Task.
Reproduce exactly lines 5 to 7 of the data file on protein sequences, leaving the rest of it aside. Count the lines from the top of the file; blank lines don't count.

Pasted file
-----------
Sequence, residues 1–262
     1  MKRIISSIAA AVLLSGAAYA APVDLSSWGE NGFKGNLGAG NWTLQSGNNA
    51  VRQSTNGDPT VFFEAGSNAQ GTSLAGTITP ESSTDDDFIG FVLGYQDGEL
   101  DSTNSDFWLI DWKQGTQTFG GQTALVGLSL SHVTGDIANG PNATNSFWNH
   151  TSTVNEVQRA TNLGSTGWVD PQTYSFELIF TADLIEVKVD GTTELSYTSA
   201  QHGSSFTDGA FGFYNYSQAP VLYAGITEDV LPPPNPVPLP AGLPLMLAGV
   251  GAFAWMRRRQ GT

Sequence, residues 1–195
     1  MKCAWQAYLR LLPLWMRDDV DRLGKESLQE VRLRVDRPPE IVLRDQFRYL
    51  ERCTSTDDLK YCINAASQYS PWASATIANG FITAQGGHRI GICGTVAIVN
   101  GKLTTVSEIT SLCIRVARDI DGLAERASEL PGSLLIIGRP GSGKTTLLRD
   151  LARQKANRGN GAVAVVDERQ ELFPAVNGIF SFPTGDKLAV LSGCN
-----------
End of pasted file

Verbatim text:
   151  TSTVNEVQRA TNLGSTGWVD PQTYSFELIF TADLIEVKVD GTTELSYTSA
   201  QHGSSFTDGA FGFYNYSQAP VLYAGITEDV LPPPNPVPLP AGLPLMLAGV
   251  GAFAWMRRRQ GT